While memory is one of the most fascinating faculties of consciousness, it is also one of the most mysterious. Is it memory—our own marvelous personal computer or data base—that brings us the intense feelings prompted by a certain object or situation?
Drawing on an expansive array of sources, from microbiology to cosmology, Ovid to Proust, Egyptology to the cinema, Philip Kuberski leads us on a brave and beguiling exploration of memory. He enables us to see it as a worldly process in which individuals both remember and are remembered, all in a network of associations that join our bodies, personal and cultural myths, and aesthetic and literary experiences. His essays will provide a tantalizing and thoughtful read for those interested in literature, psychology, biology, anthropology, and philosophy.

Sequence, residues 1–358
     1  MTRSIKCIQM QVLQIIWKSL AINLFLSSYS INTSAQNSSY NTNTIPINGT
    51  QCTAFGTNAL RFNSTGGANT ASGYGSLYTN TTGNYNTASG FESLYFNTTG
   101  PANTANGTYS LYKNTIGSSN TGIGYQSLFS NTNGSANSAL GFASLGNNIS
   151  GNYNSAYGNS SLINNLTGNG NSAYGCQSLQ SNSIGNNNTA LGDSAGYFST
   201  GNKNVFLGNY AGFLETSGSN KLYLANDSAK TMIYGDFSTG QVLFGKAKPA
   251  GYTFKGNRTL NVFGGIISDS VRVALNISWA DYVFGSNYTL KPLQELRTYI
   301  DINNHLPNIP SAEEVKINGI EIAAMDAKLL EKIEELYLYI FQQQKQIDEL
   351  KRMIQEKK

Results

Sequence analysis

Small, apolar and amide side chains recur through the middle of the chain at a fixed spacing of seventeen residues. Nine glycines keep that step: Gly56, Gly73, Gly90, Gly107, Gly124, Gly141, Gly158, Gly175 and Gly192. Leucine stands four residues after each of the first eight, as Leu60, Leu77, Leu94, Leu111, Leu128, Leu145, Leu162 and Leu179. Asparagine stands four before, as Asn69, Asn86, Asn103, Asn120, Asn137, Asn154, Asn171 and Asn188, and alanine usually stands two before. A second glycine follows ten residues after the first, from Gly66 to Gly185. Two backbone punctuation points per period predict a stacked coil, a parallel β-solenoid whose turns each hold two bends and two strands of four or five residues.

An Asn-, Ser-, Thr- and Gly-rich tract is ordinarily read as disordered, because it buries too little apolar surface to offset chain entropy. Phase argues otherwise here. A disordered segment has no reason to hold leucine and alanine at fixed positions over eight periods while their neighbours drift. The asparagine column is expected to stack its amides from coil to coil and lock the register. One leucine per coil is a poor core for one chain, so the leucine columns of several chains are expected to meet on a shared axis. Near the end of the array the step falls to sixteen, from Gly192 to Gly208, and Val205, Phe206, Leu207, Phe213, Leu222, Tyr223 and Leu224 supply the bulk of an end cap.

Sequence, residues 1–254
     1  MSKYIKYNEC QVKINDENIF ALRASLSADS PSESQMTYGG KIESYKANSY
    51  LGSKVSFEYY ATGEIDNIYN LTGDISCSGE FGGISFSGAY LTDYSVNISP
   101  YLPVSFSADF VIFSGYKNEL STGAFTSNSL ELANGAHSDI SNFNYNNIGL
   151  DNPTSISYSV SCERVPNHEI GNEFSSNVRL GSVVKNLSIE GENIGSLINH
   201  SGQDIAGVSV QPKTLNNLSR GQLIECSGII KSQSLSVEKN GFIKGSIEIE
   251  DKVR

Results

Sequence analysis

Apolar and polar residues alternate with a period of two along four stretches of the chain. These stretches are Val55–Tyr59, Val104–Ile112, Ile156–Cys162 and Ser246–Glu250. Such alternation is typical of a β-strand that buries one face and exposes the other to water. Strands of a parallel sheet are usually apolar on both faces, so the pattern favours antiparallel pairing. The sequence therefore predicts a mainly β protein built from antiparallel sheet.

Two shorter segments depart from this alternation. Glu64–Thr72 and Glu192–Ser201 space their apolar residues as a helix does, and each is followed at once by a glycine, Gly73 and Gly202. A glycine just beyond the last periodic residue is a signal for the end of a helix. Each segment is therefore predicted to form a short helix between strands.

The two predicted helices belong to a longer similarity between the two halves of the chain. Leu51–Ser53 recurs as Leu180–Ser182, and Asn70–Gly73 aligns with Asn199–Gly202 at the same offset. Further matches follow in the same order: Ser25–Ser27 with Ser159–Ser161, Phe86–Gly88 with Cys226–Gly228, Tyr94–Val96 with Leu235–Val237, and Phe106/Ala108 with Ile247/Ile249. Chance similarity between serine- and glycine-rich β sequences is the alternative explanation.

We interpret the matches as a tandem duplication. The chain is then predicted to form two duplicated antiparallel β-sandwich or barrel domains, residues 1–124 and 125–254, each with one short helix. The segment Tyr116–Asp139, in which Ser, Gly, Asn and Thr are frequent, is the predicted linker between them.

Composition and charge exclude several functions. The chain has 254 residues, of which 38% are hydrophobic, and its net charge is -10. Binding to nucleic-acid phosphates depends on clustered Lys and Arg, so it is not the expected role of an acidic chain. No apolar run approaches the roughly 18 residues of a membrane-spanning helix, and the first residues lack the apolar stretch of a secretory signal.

This title is part of UC Press's Voices Revived program, which commemorates University of California Press’s mission to seek out and cultivate the brightest minds and give them voice, reach, and impact. Drawing on a backlist dating to 1893, Voices Revived makes high-quality, peer-reviewed scholarship accessible once again using print-on-demand technology. This title was originally published in 1992.